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Bulfinch's Mythology The Age of Fable

Page: 36

In the vale of Enna there is a lake embowered in woods, which screen it from the fervid rays of the sun, while the moist ground is covered with flowers, and spring reigns perpetual. Here Proserpine was playing with her companions, gathering lilies and violets, and filling her basket and her apron with them, when Pluto saw her from his chariot, loved her, and carried her off. She screamed for help to her mother and her companions; and when in her fright she dropped the corners of her apron and let the flowers fall, childlike, she felt the loss of them as an addition to her grief. The ravisher urged on his steeds, calling them each by name, and throwing loose over their heads and necks his iron-colored reins. When he reached the River Cyane, and it opposed his passage, he struck the river bank with his trident, and the earth opened and gave him a passage to Tartarus.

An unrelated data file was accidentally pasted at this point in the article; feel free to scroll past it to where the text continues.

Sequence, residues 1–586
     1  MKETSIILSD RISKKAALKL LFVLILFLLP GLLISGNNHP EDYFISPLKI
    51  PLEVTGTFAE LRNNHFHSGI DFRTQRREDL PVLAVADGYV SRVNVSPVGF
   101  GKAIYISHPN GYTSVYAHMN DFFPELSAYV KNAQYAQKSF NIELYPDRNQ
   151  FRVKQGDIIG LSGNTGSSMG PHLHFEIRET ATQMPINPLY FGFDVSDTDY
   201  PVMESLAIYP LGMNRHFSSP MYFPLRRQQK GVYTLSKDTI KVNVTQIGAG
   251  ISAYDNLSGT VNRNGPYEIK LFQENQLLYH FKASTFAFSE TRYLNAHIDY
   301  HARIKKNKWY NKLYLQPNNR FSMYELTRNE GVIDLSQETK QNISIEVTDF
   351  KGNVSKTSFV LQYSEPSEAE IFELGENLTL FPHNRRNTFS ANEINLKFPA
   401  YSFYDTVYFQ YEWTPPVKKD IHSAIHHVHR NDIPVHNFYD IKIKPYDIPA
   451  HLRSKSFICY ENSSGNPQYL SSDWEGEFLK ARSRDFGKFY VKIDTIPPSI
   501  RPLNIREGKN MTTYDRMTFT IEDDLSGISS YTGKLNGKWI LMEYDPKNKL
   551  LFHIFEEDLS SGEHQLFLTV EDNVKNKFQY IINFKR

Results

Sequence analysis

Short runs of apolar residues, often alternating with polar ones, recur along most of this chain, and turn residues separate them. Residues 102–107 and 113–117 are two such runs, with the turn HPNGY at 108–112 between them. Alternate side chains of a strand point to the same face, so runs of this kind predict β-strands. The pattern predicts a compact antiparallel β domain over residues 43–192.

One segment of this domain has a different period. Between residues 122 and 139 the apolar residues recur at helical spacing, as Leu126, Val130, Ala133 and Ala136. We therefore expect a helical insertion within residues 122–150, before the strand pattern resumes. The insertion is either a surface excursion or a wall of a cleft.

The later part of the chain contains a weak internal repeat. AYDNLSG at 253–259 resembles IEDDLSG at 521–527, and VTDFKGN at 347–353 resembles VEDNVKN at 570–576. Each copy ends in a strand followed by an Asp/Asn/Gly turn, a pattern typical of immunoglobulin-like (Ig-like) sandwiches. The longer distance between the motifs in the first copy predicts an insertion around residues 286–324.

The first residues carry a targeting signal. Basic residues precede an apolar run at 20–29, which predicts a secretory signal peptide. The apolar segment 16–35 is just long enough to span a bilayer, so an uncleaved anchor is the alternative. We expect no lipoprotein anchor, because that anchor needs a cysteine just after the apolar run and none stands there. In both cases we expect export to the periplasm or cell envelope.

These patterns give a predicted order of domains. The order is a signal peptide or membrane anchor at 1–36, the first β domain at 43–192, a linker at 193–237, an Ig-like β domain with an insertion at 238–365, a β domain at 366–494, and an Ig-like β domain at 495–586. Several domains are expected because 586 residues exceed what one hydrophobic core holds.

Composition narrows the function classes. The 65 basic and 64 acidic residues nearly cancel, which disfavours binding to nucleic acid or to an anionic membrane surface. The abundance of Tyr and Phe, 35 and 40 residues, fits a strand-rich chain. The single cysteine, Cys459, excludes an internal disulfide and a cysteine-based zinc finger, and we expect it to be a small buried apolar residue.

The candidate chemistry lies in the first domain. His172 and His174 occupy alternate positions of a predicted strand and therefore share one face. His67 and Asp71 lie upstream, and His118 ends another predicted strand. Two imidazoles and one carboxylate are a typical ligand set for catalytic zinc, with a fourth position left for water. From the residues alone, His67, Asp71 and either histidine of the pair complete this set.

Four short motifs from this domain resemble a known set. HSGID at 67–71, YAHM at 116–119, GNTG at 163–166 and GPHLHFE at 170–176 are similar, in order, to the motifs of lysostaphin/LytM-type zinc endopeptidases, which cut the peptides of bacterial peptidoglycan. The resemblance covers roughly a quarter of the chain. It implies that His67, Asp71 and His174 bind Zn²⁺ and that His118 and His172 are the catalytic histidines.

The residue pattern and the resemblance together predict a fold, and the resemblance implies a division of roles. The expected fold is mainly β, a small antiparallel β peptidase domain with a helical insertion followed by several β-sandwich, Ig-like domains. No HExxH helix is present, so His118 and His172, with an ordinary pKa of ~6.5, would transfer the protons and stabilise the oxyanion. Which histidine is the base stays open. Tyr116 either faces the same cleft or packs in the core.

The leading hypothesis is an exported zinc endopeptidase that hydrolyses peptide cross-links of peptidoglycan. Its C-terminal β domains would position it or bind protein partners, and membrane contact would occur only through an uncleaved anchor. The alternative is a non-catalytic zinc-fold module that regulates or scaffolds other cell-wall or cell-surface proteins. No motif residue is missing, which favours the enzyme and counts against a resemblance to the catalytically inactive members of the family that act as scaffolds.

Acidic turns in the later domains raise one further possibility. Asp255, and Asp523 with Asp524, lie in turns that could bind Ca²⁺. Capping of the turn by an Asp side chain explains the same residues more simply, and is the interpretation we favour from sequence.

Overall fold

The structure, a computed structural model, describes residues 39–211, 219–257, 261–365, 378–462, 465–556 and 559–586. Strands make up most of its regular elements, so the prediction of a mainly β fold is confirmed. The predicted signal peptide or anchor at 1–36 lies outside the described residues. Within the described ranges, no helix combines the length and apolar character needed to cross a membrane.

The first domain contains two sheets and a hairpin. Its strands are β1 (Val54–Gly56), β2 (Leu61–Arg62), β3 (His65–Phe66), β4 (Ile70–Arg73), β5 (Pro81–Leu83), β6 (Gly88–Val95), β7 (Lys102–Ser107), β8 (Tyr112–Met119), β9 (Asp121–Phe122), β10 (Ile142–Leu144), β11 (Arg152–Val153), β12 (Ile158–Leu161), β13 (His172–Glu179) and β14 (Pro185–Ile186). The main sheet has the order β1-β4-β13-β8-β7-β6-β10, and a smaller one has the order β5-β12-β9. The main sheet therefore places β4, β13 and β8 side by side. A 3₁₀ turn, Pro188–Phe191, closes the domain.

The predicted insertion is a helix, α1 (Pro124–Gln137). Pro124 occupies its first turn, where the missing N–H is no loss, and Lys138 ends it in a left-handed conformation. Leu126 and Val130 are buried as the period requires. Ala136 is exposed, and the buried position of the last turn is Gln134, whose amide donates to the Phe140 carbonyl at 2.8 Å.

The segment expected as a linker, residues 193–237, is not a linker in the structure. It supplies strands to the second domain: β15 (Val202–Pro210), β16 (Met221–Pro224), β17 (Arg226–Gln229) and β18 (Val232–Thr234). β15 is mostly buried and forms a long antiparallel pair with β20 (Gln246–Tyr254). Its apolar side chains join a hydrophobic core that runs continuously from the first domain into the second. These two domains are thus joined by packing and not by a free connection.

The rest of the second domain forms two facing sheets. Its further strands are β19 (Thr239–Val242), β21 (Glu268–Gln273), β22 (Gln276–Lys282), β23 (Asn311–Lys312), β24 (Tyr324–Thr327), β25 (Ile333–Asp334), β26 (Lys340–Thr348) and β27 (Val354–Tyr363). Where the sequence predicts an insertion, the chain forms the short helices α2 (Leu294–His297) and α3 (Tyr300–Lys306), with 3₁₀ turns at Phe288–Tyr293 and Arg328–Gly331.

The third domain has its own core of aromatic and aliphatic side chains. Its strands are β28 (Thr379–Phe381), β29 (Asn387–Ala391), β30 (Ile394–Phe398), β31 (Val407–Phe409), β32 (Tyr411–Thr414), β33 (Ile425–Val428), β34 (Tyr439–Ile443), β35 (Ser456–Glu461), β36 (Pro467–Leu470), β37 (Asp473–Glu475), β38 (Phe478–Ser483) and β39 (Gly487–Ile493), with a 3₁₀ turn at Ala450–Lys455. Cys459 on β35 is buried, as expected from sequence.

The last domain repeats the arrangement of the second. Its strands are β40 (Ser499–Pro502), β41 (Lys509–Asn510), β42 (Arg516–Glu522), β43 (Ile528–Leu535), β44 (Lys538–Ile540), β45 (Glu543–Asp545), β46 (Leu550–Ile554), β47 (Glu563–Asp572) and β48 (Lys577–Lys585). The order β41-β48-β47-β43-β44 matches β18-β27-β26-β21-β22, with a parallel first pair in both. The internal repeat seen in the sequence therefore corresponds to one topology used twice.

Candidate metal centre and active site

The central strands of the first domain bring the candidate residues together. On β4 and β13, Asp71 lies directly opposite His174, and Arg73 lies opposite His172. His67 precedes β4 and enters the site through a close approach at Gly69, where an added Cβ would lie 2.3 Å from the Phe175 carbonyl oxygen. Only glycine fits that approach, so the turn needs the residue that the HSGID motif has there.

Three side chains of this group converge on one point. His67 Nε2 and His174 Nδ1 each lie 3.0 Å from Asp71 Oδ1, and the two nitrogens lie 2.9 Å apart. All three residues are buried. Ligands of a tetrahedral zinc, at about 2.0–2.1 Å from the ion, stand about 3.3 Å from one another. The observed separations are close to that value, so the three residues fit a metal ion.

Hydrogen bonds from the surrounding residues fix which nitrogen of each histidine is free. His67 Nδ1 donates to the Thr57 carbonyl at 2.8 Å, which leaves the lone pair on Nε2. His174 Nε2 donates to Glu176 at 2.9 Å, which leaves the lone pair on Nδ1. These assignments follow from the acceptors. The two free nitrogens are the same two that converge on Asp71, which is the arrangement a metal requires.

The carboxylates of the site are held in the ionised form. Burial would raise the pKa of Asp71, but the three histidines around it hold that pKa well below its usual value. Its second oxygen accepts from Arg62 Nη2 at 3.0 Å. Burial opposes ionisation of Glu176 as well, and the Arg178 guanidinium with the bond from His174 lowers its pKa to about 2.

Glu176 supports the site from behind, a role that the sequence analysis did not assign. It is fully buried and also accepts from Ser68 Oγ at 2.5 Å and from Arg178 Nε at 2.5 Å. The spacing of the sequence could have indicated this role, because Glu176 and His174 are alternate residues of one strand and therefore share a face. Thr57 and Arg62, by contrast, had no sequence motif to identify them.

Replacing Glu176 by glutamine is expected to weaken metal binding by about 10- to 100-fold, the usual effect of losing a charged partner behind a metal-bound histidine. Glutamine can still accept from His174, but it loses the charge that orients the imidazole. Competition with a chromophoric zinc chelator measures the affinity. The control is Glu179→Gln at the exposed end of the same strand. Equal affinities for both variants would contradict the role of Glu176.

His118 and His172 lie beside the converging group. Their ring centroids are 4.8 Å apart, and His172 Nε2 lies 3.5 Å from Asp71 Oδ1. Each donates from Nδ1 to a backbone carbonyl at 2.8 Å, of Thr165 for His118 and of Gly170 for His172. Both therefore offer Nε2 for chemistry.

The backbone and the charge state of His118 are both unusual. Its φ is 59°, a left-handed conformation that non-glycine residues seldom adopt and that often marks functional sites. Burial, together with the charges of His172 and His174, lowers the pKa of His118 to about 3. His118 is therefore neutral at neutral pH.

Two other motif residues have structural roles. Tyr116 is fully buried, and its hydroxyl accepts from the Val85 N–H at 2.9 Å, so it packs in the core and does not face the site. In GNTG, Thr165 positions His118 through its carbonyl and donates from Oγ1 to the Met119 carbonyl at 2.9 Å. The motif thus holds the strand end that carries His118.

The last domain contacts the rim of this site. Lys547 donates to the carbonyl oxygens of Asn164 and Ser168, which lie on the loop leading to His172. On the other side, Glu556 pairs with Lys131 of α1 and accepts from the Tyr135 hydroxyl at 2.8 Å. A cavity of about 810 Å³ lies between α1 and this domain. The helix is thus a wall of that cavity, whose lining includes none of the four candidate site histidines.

Ceres sought her daughter all the world over. Bright-haired Aurora, when she came forth in the morning, and Hesperus, when he led out the stars in the evening, found her still busy in the search. But it was all unavailing. At length, weary and sad, she sat down upon a stone and continued sitting nine days and nights, in the open air, under the sunlight and moonlight and falling showers. It was where now stands the city of Eleusis, then the home of an old man named Celeus. He was out in the field, gathering acorns and blackberries, and sticks for his fire. His little girl was driving home their two goats, and as she passed the goddess, who appeared in the guise of an old woman, she said to her, "Mother," and the name was sweet to the ears of Ceres, "why do you sit here alone upon the rocks?" The old man also stopped, though his load was heavy, and begged her to come into his cottage, such as it was. She declined, and he urged her. "Go in peace," she replied, "and be happy in your daughter; I have lost mine." As she spoke, tears or something like tears, for the gods never weep fell down her cheeks upon her bosom. The compassionate old man and his child wept with her. Then said he, "Come with us, and despise not our humble roof; so may your daughter be restored to you in safety." "Lead on," said she, "I cannot resist that appeal!" So she rose from the stone and went with them. As they walked he told her that his only son, a little boy, lay very sick, feverish and sleepless. She stooped and gathered some poppies. As they entered the cottage they found all in great distress, for the boy seemed past hope of recovery. Metanira, his mother, received her kindly, and the goddess stooped and kissed the lips of the sick child. Instantly the paleness left his face, and healthy vigor returned to his body. The whole family were delighted that is, the father, mother, and little girl, for they were all; they had no servants. They spread the table, and put upon it curds and cream, apples, and honey in the comb. While they ate, Ceres mingled poppy juice in the milk of the boy. When night came and all was still, she arose, and taking the sleeping boy, moulded his limbs with her hands, and uttered over him three times a solemn charm, then went and laid him in the ashes. His mother, who had been watching what her guest was doing, sprang forward with a cry and snatched the child from the fire. Then Ceres assumed her own form, and a divine splendor shone all around. While they were overcome with astonishment, she said, "Mother, you have been cruel in your fondness to your son. I would have made him immortal, but you have frustrated my attempt. Nevertheless, he shall be great and useful. He shall teach men the use of the plough, and the rewards which labor can win from the cultivated soil." So saying, she wrapped a cloud about her, and mounting her chariot rode away.


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